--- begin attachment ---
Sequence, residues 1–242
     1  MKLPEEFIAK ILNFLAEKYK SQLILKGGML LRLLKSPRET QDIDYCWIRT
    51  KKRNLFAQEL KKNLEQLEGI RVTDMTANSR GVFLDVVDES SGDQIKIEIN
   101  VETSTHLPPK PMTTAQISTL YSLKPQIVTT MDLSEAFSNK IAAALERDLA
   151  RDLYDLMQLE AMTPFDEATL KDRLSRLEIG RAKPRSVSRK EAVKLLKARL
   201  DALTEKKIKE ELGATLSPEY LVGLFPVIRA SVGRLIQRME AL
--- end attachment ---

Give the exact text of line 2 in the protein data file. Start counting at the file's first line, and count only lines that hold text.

     1  MKLPEEFIAK ILNFLAEKYK SQLILKGGML LRLLKSPRET QDIDYCWIRT